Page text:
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Product Details

  • ISBN-13: 9780399252570
  • Publisher: Penguin Young Readers Group
  • Publication date: 5/12/2011
  • Pages: 32
  • Sales rank: 980,765
  • Age range: 3 - 5 Years
  • Lexile: AD500L (what's this?)
  • Product dimensions: 7.90 (w) x 10.10 (h) x 0.50 (d)

Meet the Author

Max Kornell graduated from Rhode Island School of Design. His regular comic for LA Weekly, "Los Angelopolis," took second place at the 2008 AAN (Association of Alternative Newsweeklies) Awards. He teaches art at Crossroads and the Brentwood Art Center, and lives in Los Angeles, California.

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Customer Reviews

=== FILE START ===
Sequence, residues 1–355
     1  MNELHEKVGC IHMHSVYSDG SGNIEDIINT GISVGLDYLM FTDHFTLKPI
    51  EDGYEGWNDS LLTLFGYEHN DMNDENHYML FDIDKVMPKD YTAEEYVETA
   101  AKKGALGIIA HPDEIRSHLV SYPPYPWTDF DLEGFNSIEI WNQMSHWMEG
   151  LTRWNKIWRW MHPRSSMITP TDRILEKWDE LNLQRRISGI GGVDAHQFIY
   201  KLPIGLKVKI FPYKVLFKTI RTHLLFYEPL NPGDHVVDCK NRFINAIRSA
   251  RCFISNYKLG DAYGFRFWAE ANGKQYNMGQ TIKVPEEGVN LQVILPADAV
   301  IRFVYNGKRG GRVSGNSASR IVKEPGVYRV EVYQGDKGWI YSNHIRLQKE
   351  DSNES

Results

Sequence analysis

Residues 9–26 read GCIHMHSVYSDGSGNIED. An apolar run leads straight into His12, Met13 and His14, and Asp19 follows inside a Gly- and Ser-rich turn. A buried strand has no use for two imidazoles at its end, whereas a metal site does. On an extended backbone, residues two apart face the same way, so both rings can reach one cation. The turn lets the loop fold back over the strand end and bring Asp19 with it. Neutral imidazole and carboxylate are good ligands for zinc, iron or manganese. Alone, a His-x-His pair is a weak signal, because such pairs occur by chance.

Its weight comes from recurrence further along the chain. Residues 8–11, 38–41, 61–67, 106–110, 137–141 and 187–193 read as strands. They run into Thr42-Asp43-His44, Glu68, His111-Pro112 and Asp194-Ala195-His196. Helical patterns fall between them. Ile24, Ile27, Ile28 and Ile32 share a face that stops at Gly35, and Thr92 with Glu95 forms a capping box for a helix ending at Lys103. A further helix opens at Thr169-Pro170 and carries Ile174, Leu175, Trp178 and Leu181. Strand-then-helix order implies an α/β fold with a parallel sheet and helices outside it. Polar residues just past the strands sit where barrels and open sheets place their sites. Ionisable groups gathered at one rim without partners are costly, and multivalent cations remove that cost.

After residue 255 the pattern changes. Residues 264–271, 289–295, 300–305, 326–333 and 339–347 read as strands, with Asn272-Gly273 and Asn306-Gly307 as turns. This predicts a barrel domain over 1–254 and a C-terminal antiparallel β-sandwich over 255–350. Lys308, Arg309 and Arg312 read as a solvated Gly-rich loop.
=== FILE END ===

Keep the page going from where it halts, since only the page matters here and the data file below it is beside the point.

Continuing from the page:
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Sort by: Showing 1 Customer Reviews
  • Anonymous

    Posted July 6, 2014

    Highly recommend.  My 3-year-old grandson has an 8-month old bab

    Highly recommend.  My 3-year-old grandson has an 8-month old baby brother.  I don't know if he made the intended connection in his head between the book's content and his life, but he loved this book.  Had me read it to him three times in a row and wanted a fourth read.